1. At the outset, a payment wrongly paid under a mistake of law or fact, such as a mistake that you are working for them, will always be recoverable by the person or the financial institution which mistakenly made the payment. There is no defence to such an action if you have received the money. This means that it would be impossible to defend the proceedings on the basis you didn't know about it, or the bank didn't properly inform you before they got judgment against you. Additionally, as you owe the money, a court will not grant you leave to defend an action where judgment has already been granted in relation to the mistaken payment. This is because in order to get leave to defend the legal proceedings now, you will have to show good grounds for a defence. Good grounds for a defence would be if you gave the extra money to charity or otherwise altered your position to your detriment in reliance on the mistaken payment. However, as things stand, you have not suggested anything of this nature. So as things stand, you do not have valid grounds for a defence.
2. Your options now are either to pay the money and forget about it. Or else, apply for a set aside application and move to defend the proceedings. If you have grounds for defence, you may or may not have to lodge the monies in court. However, there is no need to pay the amount now at the Court if you intend to apply to set aside the judgment. You should instead move quickly to set aside the judgment and contest the proceedings on some good grounds for defence such as change of position. In such a case you will have good grounds to set aside the judgment and defend the proceedings.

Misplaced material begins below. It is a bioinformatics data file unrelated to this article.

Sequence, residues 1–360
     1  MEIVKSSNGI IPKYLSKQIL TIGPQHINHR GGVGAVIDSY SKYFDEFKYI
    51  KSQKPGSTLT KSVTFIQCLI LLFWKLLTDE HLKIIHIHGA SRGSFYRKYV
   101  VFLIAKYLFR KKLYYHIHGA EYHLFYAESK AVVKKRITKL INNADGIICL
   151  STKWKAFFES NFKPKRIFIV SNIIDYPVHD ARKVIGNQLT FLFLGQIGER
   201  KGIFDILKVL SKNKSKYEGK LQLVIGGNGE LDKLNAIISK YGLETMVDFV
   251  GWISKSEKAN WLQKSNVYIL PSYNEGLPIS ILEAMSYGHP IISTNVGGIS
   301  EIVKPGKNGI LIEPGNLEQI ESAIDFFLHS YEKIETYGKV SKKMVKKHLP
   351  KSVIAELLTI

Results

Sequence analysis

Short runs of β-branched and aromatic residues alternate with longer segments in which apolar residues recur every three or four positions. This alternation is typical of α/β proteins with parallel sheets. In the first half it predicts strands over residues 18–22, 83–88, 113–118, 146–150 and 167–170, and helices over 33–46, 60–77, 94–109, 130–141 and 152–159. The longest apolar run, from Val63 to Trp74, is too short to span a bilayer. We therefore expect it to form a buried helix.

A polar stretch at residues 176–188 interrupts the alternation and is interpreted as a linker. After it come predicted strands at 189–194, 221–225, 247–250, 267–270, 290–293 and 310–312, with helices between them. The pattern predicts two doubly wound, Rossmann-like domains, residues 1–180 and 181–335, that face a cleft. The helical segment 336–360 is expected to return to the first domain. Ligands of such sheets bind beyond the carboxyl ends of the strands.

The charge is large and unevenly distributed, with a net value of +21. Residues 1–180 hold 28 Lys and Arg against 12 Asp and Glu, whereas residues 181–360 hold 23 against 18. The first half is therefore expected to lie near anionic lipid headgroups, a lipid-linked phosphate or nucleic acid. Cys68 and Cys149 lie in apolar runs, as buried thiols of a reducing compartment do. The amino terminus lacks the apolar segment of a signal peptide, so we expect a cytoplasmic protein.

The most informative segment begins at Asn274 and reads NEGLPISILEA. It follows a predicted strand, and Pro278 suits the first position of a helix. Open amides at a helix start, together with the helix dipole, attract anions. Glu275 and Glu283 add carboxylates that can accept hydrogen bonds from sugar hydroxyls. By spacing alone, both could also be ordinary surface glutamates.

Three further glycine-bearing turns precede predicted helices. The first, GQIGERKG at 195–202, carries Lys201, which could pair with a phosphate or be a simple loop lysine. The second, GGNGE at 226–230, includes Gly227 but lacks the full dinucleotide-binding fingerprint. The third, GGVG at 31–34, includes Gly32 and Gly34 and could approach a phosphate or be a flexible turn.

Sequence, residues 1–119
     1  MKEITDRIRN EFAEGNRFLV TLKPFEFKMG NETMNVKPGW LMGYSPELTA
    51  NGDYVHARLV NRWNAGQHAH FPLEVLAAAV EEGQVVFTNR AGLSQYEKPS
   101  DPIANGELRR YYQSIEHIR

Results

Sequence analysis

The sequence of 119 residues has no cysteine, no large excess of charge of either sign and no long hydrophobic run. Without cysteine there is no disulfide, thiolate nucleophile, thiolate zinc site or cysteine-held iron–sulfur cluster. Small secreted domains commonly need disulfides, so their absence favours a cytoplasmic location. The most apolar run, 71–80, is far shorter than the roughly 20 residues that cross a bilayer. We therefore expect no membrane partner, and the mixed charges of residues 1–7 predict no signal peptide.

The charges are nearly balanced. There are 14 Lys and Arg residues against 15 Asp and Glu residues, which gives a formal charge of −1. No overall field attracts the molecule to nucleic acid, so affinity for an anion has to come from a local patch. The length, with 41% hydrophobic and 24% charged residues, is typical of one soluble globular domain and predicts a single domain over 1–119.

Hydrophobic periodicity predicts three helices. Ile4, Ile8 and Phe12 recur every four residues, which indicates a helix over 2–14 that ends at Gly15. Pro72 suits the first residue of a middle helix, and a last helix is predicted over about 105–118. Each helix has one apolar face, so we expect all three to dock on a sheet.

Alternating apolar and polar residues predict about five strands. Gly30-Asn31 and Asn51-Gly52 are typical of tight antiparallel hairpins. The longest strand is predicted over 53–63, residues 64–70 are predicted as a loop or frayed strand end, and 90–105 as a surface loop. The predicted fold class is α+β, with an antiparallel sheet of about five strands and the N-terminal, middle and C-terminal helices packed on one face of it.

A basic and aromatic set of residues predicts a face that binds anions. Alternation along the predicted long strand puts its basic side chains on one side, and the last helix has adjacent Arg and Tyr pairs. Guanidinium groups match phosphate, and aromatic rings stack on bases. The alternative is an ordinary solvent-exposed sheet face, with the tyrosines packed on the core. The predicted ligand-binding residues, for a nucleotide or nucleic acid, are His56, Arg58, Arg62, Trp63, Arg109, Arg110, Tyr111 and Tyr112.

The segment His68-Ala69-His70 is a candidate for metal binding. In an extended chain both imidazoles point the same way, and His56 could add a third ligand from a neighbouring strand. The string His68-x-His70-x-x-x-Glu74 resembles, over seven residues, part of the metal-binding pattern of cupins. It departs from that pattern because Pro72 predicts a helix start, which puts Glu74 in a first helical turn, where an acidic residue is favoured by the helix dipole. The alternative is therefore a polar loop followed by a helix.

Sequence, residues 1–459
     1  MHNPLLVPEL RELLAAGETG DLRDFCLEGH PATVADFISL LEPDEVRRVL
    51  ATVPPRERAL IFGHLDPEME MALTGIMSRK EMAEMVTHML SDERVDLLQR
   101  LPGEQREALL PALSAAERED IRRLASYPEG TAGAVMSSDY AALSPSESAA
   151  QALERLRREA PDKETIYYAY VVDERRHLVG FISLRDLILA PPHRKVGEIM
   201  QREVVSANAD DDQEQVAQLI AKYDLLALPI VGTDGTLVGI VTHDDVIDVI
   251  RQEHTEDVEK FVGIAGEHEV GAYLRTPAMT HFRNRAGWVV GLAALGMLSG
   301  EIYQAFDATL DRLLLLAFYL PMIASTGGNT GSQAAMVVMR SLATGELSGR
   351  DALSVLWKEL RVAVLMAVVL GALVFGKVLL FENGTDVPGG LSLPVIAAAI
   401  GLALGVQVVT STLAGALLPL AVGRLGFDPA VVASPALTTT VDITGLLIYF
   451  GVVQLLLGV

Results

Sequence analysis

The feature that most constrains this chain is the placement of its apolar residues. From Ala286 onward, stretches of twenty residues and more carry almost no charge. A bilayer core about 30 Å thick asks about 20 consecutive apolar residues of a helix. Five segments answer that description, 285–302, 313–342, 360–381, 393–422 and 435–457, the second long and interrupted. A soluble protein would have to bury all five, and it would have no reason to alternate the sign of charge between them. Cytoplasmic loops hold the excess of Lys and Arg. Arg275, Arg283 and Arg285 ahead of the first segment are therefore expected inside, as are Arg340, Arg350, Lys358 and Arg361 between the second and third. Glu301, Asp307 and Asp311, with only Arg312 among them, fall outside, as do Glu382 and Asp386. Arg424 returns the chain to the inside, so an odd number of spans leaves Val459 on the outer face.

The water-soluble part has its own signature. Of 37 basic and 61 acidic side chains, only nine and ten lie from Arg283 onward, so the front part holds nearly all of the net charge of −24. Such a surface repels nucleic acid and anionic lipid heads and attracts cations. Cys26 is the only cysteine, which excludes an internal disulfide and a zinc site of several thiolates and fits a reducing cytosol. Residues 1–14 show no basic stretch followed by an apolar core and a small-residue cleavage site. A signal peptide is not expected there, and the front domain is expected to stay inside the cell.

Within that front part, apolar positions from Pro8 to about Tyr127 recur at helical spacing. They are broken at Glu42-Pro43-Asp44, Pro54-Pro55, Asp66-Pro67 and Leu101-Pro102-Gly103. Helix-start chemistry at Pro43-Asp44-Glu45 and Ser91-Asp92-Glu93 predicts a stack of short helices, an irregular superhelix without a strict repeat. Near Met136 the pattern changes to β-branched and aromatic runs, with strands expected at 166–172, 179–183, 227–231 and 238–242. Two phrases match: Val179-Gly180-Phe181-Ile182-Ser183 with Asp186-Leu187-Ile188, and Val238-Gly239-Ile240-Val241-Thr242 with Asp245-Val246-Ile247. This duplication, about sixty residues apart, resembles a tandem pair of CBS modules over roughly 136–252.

Thanks. Could you please explain what do you mean by phrases "defence such as change of position" and "altered your position to your detriment in reliance on the mistaken payment". I would like to understand how should I write these points on the set aside application form in plain english.
3. A defence of change of position is where something has occurred which has altered the situation and changes the fact you should have to repay the monies. The second altering your position means that you have acted on the basis you received the payments
Thanks. I discuss this case with another solicitor who advised that another option is to ask claimant for consent order and pay the money. Then apply to the court to remove ccj on behalf of a consent order. Do you think this is a viable option?
4. This approach is only really operable if you have the cooperation and consent of the judgment creditor as it effectively involves them weakening their position. It is another approach and has much to recommend. Ultimately what you do depends upon what outcome you wish to have. This second approach obviously involves full payment and a level of cooperation from the employer.